"Despite a slight improvement of the overall humanitarian situation over the last 12 months, the structural causes of people's vulnerability persist," the agencies said Monday in a release issued from the U.N. headquarters in New York.
"External assistance continues to play a vital role in safeguarding and promoting the well-being of millions whose food security, nutritional status and general health would otherwise be seriously compromised," the World Food Program, UNICEF, the World Health Organization, the Food and Agriculture Organization and the U.N. Population Fund said.
The agencies' operations in the Democratic People's Republic of Korea -- as North Korea is known officially -- have received about 27 percent of the $147 million needed this year to respond to humanitarian priorities. Because of the persisting deficit, the agencies said they couldn't respond effectively to humanitarian needs in the poor Communist country.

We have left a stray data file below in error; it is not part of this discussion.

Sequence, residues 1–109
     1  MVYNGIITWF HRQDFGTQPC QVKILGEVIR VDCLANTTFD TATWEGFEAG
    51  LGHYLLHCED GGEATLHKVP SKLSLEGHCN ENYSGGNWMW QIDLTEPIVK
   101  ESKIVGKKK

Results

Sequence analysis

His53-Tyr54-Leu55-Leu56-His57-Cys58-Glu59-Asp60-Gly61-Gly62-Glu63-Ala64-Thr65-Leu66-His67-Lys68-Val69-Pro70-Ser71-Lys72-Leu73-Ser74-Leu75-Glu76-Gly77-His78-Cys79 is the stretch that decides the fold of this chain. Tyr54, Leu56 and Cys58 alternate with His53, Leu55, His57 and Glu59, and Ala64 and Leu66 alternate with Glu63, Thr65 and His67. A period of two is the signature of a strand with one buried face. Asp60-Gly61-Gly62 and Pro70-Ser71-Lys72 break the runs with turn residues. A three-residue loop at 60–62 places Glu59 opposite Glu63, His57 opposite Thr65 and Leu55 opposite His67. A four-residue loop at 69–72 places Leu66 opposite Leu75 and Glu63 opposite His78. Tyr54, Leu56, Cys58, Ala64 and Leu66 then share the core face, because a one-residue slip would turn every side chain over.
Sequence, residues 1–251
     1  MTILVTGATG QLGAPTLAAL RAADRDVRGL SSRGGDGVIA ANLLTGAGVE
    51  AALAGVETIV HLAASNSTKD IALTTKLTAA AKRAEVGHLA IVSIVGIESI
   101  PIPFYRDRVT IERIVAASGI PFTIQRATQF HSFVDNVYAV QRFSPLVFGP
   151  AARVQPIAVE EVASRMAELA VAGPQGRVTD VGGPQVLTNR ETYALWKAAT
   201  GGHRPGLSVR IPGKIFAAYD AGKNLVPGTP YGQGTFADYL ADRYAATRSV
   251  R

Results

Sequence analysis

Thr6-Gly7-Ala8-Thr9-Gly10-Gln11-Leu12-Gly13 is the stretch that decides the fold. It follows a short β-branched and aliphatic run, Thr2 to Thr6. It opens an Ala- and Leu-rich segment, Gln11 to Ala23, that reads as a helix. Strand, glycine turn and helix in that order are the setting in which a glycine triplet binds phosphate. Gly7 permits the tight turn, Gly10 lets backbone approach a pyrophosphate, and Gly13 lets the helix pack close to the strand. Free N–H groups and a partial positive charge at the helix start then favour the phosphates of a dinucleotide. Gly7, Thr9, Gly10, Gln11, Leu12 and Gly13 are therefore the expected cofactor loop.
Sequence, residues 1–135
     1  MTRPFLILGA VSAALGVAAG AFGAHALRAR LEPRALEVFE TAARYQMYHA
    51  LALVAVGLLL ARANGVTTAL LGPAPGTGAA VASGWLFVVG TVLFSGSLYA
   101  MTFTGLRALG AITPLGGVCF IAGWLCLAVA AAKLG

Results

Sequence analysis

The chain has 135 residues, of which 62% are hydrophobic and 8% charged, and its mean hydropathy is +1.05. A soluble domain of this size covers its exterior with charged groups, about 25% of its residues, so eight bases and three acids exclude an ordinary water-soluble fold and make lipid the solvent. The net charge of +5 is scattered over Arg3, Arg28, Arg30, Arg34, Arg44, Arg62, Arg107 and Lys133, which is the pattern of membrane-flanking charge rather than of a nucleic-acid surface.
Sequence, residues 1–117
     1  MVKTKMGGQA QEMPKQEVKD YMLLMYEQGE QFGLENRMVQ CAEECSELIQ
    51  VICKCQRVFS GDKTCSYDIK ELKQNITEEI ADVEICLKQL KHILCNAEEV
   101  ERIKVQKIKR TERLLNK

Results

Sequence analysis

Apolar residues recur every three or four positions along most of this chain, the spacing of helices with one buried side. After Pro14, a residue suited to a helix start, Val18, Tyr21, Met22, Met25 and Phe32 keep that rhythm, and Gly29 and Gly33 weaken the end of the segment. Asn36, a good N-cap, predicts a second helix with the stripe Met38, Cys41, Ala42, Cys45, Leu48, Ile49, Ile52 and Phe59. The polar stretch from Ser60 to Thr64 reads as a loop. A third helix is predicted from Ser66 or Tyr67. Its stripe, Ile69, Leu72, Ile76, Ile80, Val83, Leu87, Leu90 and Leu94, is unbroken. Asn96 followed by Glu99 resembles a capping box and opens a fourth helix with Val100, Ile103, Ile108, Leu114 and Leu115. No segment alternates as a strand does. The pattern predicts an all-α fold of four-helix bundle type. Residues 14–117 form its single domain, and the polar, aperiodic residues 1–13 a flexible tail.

"The dire funding situation leaves the U.N. agencies and other humanitarian actors concerned about the continuation of their program in DPRK," the agencies said.
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